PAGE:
One thing that’s striking about the survey is the wide range of responses that epidemiologists give on when they’d do things—for example, 14 percent say they’d travel by plane now, but almost 40 percent say it would be over a year before they would. I’m wondering if you think that spread represents a wide range of risk tolerance, or if it’s because people are reading the questions and assuming different basic scenarios?
I think it’s a bit of the latter. Different parts of the U.S. are in different phases of the epidemic. For example, I’m in New York City, where cases and hospitalizations are looking much better than in different parts of the country. If I were in Texas, Arizona, or Florida, I would respond quite differently. I think part of the variation that you’re seeing in the responses is a reflection of the fact that these experts live in different parts of the country. On top of these geographic differences, people are providing their opinions based on their own personal situations. I think someone who lives in a multigenerational household with high-risk individuals probably will be less comfortable with a particular level of risk than someone who lives alone.
What is your opinion on stories where experts rank activities in terms of risk?
These can be a useful guide, but they’re a rough guide. They’re starting point. You have to take that information and place it into the context where you are. For example, one included libraries. There may be some places where, in libraries, there aren’t as many people there, and it may be a bit quieter, so that’s why it’s ranked as a place that’s lower risk [3 out of 9 on the scale in that story, below pools]. But in a place like New York city, where there are a lot of people, a lot of children interacting, it might not be a low risk location. It depends on the geographic area. The rankings depend on the place where the experts are located. That ranking was out of Michigan, and a humorous inclusion was about pontoon boats. People were asking, ‘Why is this even on this list?’ I think maybe in New York city we’re confused about that. You have to think about where the ranking was developed.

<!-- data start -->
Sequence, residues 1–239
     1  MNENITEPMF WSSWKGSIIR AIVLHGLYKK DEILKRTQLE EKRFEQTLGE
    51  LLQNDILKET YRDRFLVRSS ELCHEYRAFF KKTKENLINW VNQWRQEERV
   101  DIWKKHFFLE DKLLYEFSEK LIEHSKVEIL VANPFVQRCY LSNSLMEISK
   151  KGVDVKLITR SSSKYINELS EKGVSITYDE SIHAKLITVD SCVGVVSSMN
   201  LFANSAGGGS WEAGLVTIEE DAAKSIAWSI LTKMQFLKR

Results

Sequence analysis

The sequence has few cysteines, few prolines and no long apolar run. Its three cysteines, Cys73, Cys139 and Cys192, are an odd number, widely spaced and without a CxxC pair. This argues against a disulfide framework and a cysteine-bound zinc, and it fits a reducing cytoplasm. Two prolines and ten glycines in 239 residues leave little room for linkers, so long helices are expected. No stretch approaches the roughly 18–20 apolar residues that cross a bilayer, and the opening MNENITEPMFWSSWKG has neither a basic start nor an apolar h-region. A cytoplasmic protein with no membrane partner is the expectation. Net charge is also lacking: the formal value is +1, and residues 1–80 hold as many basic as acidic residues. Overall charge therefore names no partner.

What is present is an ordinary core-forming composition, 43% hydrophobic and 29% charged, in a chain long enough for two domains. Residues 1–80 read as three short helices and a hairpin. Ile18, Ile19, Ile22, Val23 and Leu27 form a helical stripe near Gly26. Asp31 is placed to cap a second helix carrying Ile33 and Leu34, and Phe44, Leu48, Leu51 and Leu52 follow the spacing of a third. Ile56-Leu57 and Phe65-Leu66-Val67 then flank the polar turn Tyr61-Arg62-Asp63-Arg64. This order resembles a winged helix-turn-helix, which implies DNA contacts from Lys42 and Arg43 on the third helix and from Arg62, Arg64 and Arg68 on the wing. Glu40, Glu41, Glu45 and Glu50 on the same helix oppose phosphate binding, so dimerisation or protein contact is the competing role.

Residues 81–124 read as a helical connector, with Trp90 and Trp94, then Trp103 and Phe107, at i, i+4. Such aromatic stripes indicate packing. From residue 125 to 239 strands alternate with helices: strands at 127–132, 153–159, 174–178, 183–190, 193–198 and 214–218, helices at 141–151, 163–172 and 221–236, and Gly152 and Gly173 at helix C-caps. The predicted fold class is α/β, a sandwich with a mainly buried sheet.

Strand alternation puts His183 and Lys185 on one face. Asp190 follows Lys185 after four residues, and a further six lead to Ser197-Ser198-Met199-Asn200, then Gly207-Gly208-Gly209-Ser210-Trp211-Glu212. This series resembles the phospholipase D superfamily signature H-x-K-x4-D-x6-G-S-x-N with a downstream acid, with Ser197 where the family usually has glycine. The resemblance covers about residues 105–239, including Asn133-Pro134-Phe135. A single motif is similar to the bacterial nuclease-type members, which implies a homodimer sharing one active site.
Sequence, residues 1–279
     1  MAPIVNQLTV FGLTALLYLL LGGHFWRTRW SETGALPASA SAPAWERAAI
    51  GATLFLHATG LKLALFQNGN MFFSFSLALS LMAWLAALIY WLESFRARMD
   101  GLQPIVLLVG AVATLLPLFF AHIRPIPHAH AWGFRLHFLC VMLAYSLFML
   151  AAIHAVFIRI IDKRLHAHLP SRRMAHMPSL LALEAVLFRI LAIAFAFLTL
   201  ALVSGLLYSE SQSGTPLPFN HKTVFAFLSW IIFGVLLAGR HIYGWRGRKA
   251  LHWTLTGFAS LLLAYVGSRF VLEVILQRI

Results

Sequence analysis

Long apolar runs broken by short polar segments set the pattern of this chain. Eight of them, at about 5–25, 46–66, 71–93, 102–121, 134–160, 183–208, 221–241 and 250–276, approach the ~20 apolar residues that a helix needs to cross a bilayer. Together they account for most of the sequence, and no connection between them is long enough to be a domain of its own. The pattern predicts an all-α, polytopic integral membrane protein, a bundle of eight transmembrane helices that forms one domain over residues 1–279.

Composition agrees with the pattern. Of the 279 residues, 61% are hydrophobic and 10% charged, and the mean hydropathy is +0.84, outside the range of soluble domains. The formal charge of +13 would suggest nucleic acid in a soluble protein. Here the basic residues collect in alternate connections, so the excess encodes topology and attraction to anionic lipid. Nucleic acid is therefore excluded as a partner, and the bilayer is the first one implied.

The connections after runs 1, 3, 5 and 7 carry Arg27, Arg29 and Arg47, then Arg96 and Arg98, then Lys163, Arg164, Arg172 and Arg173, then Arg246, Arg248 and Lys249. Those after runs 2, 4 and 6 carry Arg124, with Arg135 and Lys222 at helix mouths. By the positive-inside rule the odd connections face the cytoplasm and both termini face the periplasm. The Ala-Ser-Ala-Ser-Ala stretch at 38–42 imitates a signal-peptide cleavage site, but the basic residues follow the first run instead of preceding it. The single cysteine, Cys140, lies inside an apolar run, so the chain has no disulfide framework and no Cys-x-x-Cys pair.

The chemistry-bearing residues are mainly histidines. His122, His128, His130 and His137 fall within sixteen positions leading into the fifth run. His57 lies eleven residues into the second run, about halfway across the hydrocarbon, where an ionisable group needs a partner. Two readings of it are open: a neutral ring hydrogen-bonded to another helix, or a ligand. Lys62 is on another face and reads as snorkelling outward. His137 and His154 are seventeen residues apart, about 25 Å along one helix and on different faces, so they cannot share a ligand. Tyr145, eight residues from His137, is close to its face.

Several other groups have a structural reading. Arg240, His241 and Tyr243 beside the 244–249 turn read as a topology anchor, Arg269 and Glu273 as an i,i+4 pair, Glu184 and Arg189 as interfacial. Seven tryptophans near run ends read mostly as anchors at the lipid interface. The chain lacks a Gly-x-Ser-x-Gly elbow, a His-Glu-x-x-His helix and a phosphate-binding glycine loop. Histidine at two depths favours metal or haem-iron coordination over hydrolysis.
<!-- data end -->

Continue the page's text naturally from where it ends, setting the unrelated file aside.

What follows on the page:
What kinds of questions are your own family members asking these days?
In terms of family, the main questions that I get that are understandable but tough to answer are “when will this be over,” and “when can we get back to normal.” My response, at least right now, is “we don’t know when this will be over, and I don’t think it will be over.” Which is a really negative way to look at it. It’s something that we’ll need to learn to live with in the background, just as we learn to live with the flu and other diseases. People are having a very hard time with the guidelines that are put in place, and they were used to living a certain way, and now we’re forced to live a different way.
“This won’t be over”—what do you mean?
We’re not necessarily going to get to a place where COVID has been eradicated, and we never have to think about it. We’ll get to a place where it’s not the main subject of discussion, certainly if we have a vaccine and have good treatment. COVID is something we’re going to need to learn to live with in the background, which will involve living our lives in a way that’s a bit different.